The only exception were a few lonely hills just after the town of Castrojeriz. The road lead us right over them. Surprisingly going up and down was a nice variegation after a few monotonous days.
We both enjoyed climbing up the hill and loved the view from the top. I did however have a few problems going downhill. My leg was killing me and I tried everything to make it better. After zigzagging down the hill I even tried walking backwards for a while. It helped a bit but it still hurt. It was pretty funny though.
Most of the afternoon we walked along an old channel (Canal de Castilla). It was built at the end of 18th century to ease the wheat grain transport from the province of Castilla to the northern harbours and to transport other cargo inland from the coast. It had to be a huge project back then.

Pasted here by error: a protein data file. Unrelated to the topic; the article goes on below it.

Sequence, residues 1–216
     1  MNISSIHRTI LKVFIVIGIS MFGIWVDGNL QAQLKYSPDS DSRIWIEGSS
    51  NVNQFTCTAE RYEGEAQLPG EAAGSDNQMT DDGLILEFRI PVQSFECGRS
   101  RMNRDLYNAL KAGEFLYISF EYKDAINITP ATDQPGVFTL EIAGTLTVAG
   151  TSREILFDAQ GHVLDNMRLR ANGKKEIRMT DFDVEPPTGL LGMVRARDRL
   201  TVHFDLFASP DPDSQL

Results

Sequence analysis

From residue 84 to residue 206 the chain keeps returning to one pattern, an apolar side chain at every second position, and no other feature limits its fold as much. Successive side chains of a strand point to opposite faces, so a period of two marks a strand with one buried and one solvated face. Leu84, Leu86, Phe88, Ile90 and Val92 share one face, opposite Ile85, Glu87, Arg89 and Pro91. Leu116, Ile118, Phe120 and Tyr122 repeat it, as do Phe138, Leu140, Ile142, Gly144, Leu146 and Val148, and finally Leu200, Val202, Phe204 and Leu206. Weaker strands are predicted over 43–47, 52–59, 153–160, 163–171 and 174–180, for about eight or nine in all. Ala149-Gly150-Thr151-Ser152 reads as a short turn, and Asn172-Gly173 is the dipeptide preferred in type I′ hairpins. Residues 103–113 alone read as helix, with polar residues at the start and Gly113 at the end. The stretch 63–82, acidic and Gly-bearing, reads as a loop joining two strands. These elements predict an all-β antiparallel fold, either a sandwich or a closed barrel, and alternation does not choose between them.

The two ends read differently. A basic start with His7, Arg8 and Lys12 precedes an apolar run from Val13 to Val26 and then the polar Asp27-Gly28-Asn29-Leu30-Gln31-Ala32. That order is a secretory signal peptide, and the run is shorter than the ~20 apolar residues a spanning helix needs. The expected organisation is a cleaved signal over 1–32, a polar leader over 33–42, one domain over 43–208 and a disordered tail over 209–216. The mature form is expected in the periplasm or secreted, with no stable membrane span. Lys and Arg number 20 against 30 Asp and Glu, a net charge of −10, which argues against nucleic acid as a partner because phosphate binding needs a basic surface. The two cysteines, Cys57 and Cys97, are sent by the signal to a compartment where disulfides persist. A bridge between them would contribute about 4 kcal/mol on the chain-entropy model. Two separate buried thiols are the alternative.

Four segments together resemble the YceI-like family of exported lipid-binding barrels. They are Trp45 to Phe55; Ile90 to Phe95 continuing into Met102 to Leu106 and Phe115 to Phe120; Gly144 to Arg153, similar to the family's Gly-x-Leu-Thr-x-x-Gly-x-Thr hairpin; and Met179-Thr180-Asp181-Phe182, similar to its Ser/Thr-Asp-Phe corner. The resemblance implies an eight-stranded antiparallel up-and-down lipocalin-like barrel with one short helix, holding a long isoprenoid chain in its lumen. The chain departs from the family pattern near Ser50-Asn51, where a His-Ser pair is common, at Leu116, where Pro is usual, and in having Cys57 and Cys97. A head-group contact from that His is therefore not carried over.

Nowadays the channel is used for irrigation of nearby fields.
There are even remains of a system of water lock gates between different water levels near the town of Fromista.
When we were closing in on our destination for the day we were getting pretty tired. The lack of a heavy backpack proved to be a great advantage especially towards the end of our walk. With a little additional help from anti-inflammatory medications it made the 34 kilometres just doable.
Towards the end of the day I was not the only one in pain. M. also began to feel pain in her heels. She had to take a few short breaks, while I kept slowly limping forward. For me it was easier keeping a slow, steady pace. My pace was really slow and it did not take long for her to catch up.
When we got to the albergue (Albergue Canal de Castilla) in Fromista where my backpack was waiting for us, we realised it was situated right next to the train station.